$1.55M Settlement Reached In David Bisard Suit

$1.55M Settlement Reached In David Bisard Suit

Wells Estate Says Civil Suit Settled

$1,550,000 settlement against City of Indianapolis arising from the death of a motorcyclist due to collision with intoxicated police officer, including civil rights claims.

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ABC RTV6 Indianapolis
POSTED: 2:11 pm EDT June 7, 2012

INDIANAPOLIS — A settlement has been reached in civil lawsuits filed against Indianapolis police Officer David Bisard, the Indianapolis Metropolitan Police Department and the city.

The law firm representing the estate of Eric Wells reached a $1.55 million settlement and is before probate court for approval.

Wells died in the August 2010 crash in which Bisard struck a group of motorcyclists at a stop light. Kurt Weekly and Mary Mills were injured in the crash.

A blood-alcohol test in the aftermath of the crash showed that Bisard was intoxicated, prosecutors said.

In their lawsuit, the estate said the city and IMPD “were liable because Officer Bisard was grossly negligent in causing Eric’s death.”

“The basis for the gross negligence allegation was that Bisard was intoxicated and driving recklessly at high speed to a non-emergency he was not even dispatched for, while also using his in-vehicle computer for non-police business,” the law firm of Hummel Coan Miller Sage & Rose LLC said in its news release.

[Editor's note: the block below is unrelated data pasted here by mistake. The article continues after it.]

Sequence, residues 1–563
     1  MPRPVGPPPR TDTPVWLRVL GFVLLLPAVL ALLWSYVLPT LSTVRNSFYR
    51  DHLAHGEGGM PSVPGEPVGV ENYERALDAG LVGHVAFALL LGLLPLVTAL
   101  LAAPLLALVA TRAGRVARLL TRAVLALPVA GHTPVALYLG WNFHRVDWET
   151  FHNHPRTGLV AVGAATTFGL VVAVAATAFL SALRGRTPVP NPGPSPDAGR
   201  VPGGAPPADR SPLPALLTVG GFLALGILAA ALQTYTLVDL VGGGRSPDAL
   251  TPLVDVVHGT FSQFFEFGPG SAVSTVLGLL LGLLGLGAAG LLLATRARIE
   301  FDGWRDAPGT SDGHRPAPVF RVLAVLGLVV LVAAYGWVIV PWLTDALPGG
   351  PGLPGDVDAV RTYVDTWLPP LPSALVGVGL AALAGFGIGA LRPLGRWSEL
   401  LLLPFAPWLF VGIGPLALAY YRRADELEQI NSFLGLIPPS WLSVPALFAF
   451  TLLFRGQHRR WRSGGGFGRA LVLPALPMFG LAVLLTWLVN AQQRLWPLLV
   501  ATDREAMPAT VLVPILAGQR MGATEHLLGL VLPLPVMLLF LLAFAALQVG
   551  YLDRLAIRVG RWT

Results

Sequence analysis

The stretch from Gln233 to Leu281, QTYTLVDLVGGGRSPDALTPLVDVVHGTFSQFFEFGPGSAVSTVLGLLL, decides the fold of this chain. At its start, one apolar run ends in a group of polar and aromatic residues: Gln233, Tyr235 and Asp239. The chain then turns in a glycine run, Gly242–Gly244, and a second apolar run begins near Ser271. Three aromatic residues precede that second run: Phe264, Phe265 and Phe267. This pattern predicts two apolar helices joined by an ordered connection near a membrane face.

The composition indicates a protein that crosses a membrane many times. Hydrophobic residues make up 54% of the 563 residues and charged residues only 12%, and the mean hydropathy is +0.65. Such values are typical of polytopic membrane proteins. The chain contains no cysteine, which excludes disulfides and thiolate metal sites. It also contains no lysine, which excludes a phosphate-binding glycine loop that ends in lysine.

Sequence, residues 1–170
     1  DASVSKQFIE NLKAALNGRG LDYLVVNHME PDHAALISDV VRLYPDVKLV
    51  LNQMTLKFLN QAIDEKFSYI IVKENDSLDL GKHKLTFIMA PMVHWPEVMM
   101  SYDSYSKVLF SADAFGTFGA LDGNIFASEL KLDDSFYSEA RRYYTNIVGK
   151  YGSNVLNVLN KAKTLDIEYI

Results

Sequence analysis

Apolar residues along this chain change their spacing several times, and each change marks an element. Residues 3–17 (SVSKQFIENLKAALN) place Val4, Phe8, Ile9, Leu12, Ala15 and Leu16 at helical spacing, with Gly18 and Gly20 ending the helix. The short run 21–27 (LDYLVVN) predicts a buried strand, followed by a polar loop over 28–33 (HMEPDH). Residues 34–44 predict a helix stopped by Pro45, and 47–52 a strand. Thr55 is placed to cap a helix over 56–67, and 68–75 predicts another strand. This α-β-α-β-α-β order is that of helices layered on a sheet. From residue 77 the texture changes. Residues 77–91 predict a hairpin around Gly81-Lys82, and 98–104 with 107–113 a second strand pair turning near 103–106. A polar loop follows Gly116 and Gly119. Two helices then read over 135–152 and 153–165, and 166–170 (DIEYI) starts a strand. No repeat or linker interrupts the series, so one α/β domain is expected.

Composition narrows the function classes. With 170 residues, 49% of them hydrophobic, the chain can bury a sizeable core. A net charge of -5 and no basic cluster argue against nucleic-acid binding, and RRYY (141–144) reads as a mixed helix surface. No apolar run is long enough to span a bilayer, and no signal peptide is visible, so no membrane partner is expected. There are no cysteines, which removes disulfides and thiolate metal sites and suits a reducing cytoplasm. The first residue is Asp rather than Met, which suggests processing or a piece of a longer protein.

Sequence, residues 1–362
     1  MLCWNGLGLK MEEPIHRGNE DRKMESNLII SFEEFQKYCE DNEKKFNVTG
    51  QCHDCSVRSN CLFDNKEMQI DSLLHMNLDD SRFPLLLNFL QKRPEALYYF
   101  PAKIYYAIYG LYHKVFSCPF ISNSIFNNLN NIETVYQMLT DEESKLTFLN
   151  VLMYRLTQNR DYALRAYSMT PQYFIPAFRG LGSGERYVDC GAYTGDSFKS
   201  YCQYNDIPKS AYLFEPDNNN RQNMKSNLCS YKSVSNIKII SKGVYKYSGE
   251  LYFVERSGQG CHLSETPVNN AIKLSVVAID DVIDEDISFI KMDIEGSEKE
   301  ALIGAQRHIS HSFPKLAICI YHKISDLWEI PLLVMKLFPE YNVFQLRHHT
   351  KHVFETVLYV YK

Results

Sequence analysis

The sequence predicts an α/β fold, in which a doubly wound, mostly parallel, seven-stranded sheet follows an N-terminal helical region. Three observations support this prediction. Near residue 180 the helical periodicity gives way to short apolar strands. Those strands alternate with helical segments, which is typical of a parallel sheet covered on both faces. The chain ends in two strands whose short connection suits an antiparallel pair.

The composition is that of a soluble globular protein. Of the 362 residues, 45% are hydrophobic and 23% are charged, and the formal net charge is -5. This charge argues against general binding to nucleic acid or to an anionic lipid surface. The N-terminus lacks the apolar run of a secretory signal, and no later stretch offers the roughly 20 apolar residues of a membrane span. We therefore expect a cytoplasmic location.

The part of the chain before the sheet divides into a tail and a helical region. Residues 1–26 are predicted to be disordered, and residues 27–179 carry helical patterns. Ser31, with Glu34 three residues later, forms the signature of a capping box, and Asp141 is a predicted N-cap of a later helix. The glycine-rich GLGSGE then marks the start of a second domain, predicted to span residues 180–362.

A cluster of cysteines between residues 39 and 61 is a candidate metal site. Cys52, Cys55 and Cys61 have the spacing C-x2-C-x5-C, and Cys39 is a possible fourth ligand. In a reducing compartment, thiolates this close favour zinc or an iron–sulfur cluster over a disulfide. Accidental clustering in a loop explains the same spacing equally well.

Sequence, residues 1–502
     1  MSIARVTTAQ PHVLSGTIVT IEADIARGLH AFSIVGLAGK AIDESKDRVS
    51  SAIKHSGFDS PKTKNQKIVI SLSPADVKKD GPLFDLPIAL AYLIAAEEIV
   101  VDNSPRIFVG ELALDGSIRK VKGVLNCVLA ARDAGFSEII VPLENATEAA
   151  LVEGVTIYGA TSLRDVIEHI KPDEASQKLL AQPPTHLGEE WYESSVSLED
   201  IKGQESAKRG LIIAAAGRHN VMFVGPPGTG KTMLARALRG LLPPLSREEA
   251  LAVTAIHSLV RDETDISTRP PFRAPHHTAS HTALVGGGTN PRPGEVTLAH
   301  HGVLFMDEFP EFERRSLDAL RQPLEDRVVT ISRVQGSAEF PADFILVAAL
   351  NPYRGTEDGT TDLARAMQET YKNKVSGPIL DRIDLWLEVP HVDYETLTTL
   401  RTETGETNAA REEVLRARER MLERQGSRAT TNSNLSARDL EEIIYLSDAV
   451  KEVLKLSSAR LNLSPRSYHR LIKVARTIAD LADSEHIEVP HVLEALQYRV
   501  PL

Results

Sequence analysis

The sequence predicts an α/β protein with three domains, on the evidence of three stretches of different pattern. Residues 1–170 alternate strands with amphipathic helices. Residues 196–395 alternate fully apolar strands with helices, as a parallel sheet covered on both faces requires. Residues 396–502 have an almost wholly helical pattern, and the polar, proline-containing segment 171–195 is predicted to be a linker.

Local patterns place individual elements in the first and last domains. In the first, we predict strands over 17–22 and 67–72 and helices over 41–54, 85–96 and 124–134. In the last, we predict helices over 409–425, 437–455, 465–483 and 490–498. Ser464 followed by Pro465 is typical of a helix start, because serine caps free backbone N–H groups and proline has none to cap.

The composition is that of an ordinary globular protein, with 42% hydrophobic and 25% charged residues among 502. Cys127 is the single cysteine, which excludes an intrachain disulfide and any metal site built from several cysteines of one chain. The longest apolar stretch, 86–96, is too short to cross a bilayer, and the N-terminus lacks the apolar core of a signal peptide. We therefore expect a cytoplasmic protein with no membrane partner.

Mary Wells, the mother of Eric Wells, told RTV6 that while no amount of money will bring back her son, she is glad the settlement holds the city and Bisard accountable for their actions.

“We’re glad this part of it’s over. It gives us the opportunity to now concentrate on the criminal case and try to move on,” she said. “It at least shows the city was responsible, which is what we were wanting.”

Samantha Karn, corporation counsel for the city, said a settlement had been discussed from the very beginning.

“It was such a tragic incident. We’re just happy to have the settlement behind us,” she said. “We’re better served to settle the case than take it to trial.”

Earlier this month, the Indianapolis Department of Public Safety said that its internal investigation found no criminal intent in the transfer of a vial of blood central to the criminal case against Bisard.